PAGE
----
P.S. Yesterday’s gratitude marble was given to my sister-in-law Beckie. She has now come out twice to walk with me… and she has also taken a number of wonderful pictures of my experience. The one from yesterday walking between the trees (did you notice the Lincoln Highway Heritage road sign in the background?) is one that I am hoping to have framed someday as a remembrance of this journey.

Today’s marble is hmmm…? still in my pocket… I forgot to do something with it!

Day 10 a

Mark: “An old abandoned motel two miles west of Jefferson. This dreary day added to the poignant reminder of how everything changes with time.”

Day 10 b

Mark: “Two Moss monuments two miles north of Scranton on the Lincoln Highway…one faces east and one faces north.”

Day 10 c

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For more information and more posts, please see Mark’s homepage: dmpcc.org/WalkwithMark

Everyone is invited to “Walk with Mark” by helping him reach his goal to support quality mental health services for boys and men. Supporting his 331-mile trek is easy as 1-2-3:

  1. Walk with Mark via his blog on the Center’s website or Facebook page.
  2. Walk with Mark by joining him for part of his itinerary.
  3. Walk with Mark with a donation to the Center for the counseling assistance fund.

DonateNow

Day 9 – April 29, 2016

A Walk Across Iowa on the Old Lincoln Highway: Day #9

Mark Minear

Mark Minear

by Mark Minear 

Greetings!

As I walked along today, amidst my reflections I continued to hear my friend, Jim Newby’s, words echo in my memory: “Mark, all we have are choices.” I have been thinking about the power and importance of making choices for our lives. We do, however, have to be awake to make choices and not simply be operating on autopilot. Being awake/aware is the key… how does one stay mindful moment by moment? Do you feel that you make choices day by day… or are you simply reacting to cues and triggers around you each day? When I get tired and then get grumpy toward others, I can have a ready excuse (“I walked 27 miles today”) as if that was adequate… but, perhaps, my choice should be to take some time to retreat and take care of myself if I feel that I am unable to make moment-by-moment healthy and caring choices in my interactions with others.

I can remember some challenging times in my own life… where I chose to keep putting one foot out in front of the next. There were times when such tenacity kept me going during my doctoral program. There have been moments in which I have experienced that on this journey across Iowa… taking another step was a choice.

We often wish that we could have a sense that our decisions could be perfect… but it is likely that, especially with life’s big determinations, there is often a sense of a dilemma in making a choice. Are there perfect choices or simply the best or optimal choices? It appears to me that we are often confronted with imperfect solutions—the challenge of making decisions based upon what we know at the time. Maybe our hearts are full of good intentions (though we may even have some mixed motivations at times if we are honest) or we might get conflicting advice from different people about what the right decision should be.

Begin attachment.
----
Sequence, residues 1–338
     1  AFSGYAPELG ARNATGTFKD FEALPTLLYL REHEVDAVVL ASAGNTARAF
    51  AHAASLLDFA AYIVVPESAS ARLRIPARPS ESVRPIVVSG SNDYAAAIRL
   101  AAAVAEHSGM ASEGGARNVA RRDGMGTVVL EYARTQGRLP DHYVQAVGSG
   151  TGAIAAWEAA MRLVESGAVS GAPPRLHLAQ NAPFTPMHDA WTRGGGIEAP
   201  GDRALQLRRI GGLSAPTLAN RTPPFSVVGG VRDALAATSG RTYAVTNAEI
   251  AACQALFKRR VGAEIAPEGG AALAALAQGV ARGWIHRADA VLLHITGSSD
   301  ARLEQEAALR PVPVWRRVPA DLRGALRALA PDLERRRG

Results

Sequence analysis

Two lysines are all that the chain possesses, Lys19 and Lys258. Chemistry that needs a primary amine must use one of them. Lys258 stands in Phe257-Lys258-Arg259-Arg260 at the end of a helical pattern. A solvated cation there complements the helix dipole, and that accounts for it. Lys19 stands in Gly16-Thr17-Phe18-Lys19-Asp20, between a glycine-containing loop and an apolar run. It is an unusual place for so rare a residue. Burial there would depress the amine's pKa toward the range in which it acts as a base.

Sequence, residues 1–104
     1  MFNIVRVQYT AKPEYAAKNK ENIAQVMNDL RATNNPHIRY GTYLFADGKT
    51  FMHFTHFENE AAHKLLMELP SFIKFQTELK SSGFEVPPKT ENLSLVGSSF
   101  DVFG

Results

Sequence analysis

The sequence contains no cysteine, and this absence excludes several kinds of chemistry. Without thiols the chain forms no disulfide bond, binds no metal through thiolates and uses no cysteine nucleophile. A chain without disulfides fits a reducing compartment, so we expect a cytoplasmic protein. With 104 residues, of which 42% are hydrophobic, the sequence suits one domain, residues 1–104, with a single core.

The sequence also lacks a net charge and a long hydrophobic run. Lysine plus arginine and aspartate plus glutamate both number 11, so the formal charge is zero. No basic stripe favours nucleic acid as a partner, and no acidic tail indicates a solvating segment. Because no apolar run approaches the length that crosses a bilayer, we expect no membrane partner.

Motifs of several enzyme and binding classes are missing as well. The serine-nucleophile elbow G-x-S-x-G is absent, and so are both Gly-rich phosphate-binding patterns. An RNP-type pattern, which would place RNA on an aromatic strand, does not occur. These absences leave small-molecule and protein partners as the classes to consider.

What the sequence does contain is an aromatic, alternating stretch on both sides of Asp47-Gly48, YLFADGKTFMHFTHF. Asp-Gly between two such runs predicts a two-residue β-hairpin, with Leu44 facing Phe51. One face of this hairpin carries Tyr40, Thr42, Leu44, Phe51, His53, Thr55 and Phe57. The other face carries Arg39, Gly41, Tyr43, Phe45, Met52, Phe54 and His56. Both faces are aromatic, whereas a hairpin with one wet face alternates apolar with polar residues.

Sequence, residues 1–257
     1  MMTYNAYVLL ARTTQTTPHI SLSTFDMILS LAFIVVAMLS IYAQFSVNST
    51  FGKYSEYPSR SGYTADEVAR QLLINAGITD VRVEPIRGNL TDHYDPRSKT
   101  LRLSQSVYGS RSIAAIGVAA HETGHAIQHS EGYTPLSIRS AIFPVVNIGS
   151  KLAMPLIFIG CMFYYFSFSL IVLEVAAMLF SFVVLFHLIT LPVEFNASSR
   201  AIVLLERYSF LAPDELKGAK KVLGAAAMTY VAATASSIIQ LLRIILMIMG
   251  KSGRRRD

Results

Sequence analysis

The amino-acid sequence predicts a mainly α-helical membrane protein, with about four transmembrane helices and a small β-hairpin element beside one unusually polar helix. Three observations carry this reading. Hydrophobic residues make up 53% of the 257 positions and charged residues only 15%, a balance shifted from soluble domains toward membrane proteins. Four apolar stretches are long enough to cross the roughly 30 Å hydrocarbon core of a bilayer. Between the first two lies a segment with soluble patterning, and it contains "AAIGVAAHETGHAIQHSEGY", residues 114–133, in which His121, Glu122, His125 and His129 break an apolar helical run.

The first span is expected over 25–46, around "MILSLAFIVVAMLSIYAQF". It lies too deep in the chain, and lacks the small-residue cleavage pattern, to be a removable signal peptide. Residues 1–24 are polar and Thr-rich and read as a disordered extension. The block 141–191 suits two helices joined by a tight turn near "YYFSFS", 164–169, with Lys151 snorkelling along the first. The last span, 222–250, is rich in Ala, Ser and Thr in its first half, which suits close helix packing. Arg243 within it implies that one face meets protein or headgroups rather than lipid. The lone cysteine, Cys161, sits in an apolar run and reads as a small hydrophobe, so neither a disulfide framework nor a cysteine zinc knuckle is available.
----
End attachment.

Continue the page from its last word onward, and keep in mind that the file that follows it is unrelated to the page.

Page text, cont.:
Yet there is something powerful about the freedom of making choices… and not sleepwalking through life… of making determinations and feeling the sense of responsibility. Grace and forgiveness are also part of the journey… when our choices turn out to not have been optimal or were even detrimental to ourselves or to others around us. Staying aware, however, allows us the best possibility to be liberated to choose how we respond or what happens next in our lives.

I had so much else to say for tonight’s blog from my day’s reflections… but those insights don’t seem to be resurfacing… perhaps it is my fatigue or perhaps this is all that needs to be shared tonight. I would close with this thought: I believe that nurturing gratitude in our lives is a choice—a significant and powerful choice that transforms our lives… and, you know what, I have a hunch that I will choose to write more about gratitude before this blog comes to a close!

Did you know that my journey on the Lincoln Highway today gave me the privilege of walking across two bridges—one for the Des Moines River and one for the Raccoon River? (Trivia question: and where do these two rivers converge? What significant structure is at the intersection of these two rivers?)

P.S. I am now up to 13 LH markers (you know, placed by the Boy Scouts in 1928) as I walked by three today in Ogden, Grand Junction, and Jefferson (right next to the carillon tower).

Today I met Leon, the owner and operator of the Chit Chat Café in downtown Ogden. He took my order, cooked my order, and brought my order to the table… and his eggs, hash browns, crispy bacon, and wheat toast kept me going. Leon talked about the challenges of keeping a small town café going… he is looking to sell his place – or close it down if he is unable to sell it. All the best, Leon!

Today I learned that we are getting close to the $10,000 goal for the Counseling Assistance Fund. Thank you to everyone who has contributed toward this support for the uninsured, underinsured, and those with inadequate mental health coverage.

Today I am grateful for my clients… those with whom I have worked over the years and those with whom I will resume work when I return to the Center on June 1st. I have had the opportunity to collaborate with a variety of clients… but all of them with values, gifts, strengths, passions, talents, etc… and they have taught me so much about life! In regard to the emphases of my walk (raising awareness regarding “men and mental health” and raising donations for the Counseling Assistance Fund), when I think of how men may often have difficulties admitting to feeling overwhelmed and difficulties requesting help, I am bolstered by the many men with whom I have worked who are courageous, caring, and committed to improving the quality of their lives and the people they love!

Peace, Mark

Day 9 a

Mark: “This Mobilgas station in Grand Junction takes one back to any earlier time.”

Day 9 b

Mark: “And Grand Junction also has its own LH information center.”

Day 9 c

Mark: “My sister-in-law took this one in Jefferson. Would these stations be preserved if they weren’t on the Lincoln Highway?”

Day 9 d

Mark: “And of course Lincoln next to the carillon tower and the Greene County courthouse in Jefferson.”

Day 9 e

Mark: “And from Lincoln’s second inaugural address. . . ‘With malice toward none, with charity for all.’ “

Day 9 f

Mark: “My sister-in-law Beckie took this photo… It is one that i hope to blow up and perhaps frame someday.”

 

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For more information and more posts, please see Mark’s homepage: dmpcc.org/WalkwithMark

Everyone is invited to “Walk with Mark” by helping him reach his goal to support quality mental health services for boys and men. Supporting his 331-mile trek is easy as 1-2-3:

  1. Walk with Mark via his blog on the Center’s website or Facebook page.
  2. Walk with Mark by joining him for part of his itinerary.
  3. Walk with Mark with a donation to the Center for the counseling assistance fund.

DonateNow